Jean Meike

On My Way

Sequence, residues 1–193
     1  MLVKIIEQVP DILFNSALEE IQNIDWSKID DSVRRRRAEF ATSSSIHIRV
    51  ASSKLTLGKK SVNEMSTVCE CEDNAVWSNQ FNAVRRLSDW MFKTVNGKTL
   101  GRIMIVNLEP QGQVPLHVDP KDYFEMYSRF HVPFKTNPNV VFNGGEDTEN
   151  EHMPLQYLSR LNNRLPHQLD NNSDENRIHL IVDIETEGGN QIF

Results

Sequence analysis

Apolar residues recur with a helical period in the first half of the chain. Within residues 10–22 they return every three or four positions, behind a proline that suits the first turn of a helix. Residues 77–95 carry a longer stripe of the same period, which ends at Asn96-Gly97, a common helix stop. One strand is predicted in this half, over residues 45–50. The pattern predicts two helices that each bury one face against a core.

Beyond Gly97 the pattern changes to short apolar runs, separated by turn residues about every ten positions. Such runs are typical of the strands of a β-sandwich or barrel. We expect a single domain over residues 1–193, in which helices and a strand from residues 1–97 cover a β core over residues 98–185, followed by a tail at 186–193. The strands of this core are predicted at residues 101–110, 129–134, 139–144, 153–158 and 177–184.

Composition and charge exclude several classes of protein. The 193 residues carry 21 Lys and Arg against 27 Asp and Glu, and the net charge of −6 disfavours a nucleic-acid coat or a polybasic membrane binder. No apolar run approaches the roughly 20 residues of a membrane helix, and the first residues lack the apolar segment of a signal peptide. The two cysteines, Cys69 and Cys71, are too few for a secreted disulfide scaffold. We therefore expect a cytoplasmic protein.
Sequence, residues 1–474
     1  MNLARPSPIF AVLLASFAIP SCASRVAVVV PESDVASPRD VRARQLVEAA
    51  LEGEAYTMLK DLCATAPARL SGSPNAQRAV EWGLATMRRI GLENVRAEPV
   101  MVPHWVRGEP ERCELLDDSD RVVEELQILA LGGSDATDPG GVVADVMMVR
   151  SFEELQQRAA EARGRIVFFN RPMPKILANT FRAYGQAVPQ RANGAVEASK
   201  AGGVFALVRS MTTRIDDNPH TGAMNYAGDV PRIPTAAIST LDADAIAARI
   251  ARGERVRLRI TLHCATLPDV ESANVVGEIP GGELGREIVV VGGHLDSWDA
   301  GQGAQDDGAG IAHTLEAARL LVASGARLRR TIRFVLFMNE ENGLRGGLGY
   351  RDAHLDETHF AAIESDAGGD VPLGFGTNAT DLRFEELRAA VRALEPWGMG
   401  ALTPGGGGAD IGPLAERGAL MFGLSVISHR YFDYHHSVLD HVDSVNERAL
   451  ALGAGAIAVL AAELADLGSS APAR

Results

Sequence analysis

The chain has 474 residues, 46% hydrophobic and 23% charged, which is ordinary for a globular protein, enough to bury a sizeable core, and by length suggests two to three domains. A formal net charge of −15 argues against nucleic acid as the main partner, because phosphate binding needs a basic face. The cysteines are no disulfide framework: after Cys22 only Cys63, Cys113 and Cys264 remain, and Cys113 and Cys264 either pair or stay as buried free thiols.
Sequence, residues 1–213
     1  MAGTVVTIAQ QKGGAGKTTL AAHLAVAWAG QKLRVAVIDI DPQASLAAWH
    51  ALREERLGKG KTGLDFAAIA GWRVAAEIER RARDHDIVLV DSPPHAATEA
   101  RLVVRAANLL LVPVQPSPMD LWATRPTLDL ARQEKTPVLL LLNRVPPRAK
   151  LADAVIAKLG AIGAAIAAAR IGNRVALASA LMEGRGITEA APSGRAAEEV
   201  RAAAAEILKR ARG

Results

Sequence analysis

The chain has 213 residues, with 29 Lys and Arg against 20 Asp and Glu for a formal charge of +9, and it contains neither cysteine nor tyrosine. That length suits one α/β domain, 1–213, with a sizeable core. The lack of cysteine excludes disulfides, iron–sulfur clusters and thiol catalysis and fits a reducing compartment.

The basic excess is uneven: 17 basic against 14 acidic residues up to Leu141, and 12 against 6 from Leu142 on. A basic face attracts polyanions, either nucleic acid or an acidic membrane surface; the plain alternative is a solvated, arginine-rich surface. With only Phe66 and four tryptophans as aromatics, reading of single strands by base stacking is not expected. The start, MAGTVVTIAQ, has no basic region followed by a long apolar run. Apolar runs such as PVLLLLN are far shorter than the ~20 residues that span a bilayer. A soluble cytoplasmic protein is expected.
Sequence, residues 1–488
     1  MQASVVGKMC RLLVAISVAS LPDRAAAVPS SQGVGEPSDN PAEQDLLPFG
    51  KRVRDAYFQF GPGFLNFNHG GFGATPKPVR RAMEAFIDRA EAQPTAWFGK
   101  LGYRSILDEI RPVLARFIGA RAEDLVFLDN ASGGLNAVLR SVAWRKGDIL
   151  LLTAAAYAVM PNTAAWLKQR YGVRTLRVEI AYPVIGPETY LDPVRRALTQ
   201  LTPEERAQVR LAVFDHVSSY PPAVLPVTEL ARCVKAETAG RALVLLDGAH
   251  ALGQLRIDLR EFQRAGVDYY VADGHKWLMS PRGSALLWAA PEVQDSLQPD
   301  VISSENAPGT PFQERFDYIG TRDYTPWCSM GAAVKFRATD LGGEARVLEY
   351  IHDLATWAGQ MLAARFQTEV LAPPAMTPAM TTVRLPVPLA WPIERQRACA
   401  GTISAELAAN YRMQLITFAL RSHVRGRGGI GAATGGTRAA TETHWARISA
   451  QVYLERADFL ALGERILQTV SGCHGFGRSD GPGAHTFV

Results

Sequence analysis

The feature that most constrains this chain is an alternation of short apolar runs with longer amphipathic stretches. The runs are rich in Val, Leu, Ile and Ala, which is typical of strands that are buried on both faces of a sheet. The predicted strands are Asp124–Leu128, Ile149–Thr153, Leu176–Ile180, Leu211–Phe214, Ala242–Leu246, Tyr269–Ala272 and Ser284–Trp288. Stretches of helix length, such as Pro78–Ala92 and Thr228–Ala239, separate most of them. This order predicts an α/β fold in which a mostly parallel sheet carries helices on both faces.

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From the soaring vocal that graces the opening notes of the album, it is readily apparent that On My Way is dramatic leap forward from its predecessor, a different and much more mature album in terms of both sound and confidence. Jean Meike showed herself to be an engrossing, often powerful songwriter on her bare-bones debut, Dance on Fire, but that album left a lot to be desired in the way of production and playing. That is not at all a problem on On My Way. The production is entirely professional (courtesy of John Dyer) and exquisite, full of warmth, organic depth, and attention to detail. The previously utilized synthesizers are mostly replaced by banjo, mandolin, congas, and cello, while the arrangements are peppered with strings (albeit played on synthesizer) and a modicum of electronic samples and loops, all to fabulous effect. The playing, too, is excellent and the songs are even stronger than on the first album, with far more inventive and complex arrangements and song structures. Meike's vocals no longer saunter with the same smoke-flavored low purr either. Her singing had previously betrayed the last remnants of a longtime smoking habit, often settling into the same aural groove, but without the cigarette-strain her voice is a truly sonorous instrument, almost sounding like a female David Bowie on the Ziggy Stardust-like "Out of Night." It reaches pristine highs that it never approached on Dance of Fire, sounding more seductively torchy and variable throughout the album. Another gargantuan sonic difference is that the songs were all written on acoustic guitar rather than piano. Between albums Meike had switched instruments as her compositional tool of choice, and the difference is readily apparent, not only in the gentle, lilting tone that the album takes, but also in more thickly textured and dark-hued melodies. And whereas Meike seemed to be struggling or trying to come to terms with both spirituality and love on Dance of Fire, she seems to have reached some tough-skinned conclusions that lead forward rather than looking backward. On "The Clown" she dispenses with both religion and bad relationships in a single verse: "I used to love you so much more than I do now/But time changed the way I feel/I'm an unbeliever now/But that's okay, my heart is not broken." The album does, indeed, act as proof that Jean Meike is on her way.